ROWAN COUNTY, Kent. — Kim Davis, America’s highest-profile county clerk, returned to work Monday vowing to deny marriage licenses to same-sex couples.
But that didn’t stop Carmen and Shannon Wampler-Collins from successfully walking out of the Rowan County, Kentucky, clerk’s office with a marriage license in hand.
Monday was Davis’ first day back in her office after spending five days in jail for defying a court order and refusing to give licenses to same-sex couples.
Before starting her workday, Davis appeared defiant, saying she will not issue any marriage licenses that go against her religious beliefs. But she left the door open for her deputies to continue giving out marriage licenses to same-sex couples as long as those documents do not have Davis’ name or title on them.
The marriage license that the couple received said “pursuant to federal court order” on it, and instead of listing Davis’ name and Rowan County, it says city of Morehead, the county seat.
David said Monday that any such licenses “will not issued or authorized by me.” Her work-around is not to sign them but not interfere with her deputies who do give them out.
“(U.S. District Judge David Bunning) indicated last week that he was willing to accept altered marriage licenses even though he was not certain of their validity,” Davis said. “I, too, have great doubts whether the license issued under these conditions are even valid.”
Yet one person without such doubts is Kentucky’s governor.
“I’m … confident and satisfied that the licenses that were issued last week (and) this morning substantially comply with the law in Kentucky,” Gov. Steve Beshear told reporters Monday. “And they’re going to be recognized as valid in the Commonwealth.”
CNN senior legal analyst Jeffrey Toobin said that Kentucky law might allow for a deputy’s signature to be valid on a marriage license, even without the clerk’s consent. But if the documents are altered to remove Davis’ name and title, a court may have to rule on their validity.
Attorney: Clerk’s office in an impossible position
Davis’ strategy is a “good faith” attempt to comply with the judge’s ruling while at the same time not violate her conscience, her attorney Harry Mihet said at a news conference Monday.
“Today, Kim Davis remains the bravest woman in America,” Mihet said. “She has not compromised her conscience, she has not compromised her faith and she has not quit serving the people of Rowan County that she loves very much.”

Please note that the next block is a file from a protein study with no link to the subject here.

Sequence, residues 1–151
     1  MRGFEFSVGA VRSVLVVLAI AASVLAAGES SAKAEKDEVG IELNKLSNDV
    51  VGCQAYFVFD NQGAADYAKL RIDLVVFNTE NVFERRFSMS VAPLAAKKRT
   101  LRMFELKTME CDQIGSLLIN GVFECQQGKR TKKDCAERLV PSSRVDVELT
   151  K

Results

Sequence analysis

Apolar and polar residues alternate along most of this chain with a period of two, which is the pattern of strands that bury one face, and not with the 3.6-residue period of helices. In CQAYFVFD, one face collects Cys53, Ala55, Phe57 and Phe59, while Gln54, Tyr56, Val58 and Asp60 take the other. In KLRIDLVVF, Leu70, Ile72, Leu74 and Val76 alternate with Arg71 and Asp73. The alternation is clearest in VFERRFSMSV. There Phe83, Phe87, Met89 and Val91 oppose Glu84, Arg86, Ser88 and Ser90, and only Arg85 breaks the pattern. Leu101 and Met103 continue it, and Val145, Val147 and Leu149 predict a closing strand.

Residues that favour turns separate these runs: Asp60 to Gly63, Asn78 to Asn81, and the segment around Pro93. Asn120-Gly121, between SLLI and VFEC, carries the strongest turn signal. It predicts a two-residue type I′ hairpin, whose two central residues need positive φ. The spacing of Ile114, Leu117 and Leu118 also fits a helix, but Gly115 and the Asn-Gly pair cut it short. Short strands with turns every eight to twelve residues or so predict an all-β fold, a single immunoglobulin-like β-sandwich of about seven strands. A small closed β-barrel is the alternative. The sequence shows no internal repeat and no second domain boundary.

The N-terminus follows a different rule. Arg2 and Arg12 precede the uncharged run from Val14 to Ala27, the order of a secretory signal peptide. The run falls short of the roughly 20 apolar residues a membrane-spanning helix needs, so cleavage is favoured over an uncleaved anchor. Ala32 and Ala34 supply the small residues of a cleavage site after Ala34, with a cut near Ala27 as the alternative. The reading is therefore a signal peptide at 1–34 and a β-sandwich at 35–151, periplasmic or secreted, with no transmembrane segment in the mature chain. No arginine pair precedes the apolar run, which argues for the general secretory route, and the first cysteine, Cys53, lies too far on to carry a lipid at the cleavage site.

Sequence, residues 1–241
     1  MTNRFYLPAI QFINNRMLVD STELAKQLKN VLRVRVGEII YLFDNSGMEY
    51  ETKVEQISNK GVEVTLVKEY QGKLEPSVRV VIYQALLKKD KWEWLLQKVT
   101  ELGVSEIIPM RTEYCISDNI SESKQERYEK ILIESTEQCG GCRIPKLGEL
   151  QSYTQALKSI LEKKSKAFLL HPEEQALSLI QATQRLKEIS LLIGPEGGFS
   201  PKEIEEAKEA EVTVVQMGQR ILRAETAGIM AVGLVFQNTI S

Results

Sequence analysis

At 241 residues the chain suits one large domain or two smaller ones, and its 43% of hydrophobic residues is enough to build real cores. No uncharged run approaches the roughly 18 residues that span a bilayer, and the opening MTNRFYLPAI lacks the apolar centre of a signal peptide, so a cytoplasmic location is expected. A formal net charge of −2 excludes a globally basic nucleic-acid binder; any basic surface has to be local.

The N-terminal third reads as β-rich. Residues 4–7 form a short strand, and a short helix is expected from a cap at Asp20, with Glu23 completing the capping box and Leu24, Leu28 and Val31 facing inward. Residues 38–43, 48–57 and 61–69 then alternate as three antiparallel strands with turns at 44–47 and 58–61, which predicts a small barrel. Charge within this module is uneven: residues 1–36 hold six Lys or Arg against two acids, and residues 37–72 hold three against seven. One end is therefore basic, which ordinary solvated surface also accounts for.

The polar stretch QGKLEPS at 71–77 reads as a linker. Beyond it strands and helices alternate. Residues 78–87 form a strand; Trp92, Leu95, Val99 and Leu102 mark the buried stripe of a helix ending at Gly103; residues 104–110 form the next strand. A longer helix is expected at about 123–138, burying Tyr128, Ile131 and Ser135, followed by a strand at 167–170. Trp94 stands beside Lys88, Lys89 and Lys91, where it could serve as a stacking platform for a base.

He reiterated that although one of Davis’ deputy clerks issued a license to a same-sex couple Monday, it was done so without her authorization.
The modified marriage license that Carmen and Shannon Wampler-Collins received as well as the licenses issued while Davis was in jail do not have the clerk’s authority, Mihet said.
Including the license issued Monday, the clerk’s office has issued 11 licenses since Davis went to jail September 3. Eight of those licenses have been for same-sex couples.
“If any of her clerks decide that they must issue licenses to avoid going to jail, she will not take any adverse action against them,” Mihet said, adding the clerk’s office is caught in an impossible position.
The modified marriage licenses are effectively in limbo, Mihet said, as it is unclear whether they are legal.
Governor: No special session
Another Davis attorney, Mat Staver, said a solution would be to remove not just Davis’ name and office from the marriage licenses themselves but from the process entirely. Have the state issue them instead, he said.
Sounds simple enough, but under current Kentucky state law, the authority to issue marriage licenses rests solely with each of the state’s 120 county clerks, meaning it would take an act of the legislature to transfer that authority. The legislature, however, doesn’t convene until January 5.
The state’s governor, though, thinks “there is just no need to waste hundreds of thousands of dollars of taxpayers’ money” by calling a special session.
“If you want to change the way licenses are issued, … they’re free to do so,” Beshear said of changes that could be made starting in January. “But I just don’t see the urgency now.”
Since being released from jail last week, Davis has been keeping a low profile and opening boxes of letters sent to her while she was in jail.
“I am deeply moved by all those who prayed for me,” she said in a statement. “All I can say is that I am amazed and very grateful.”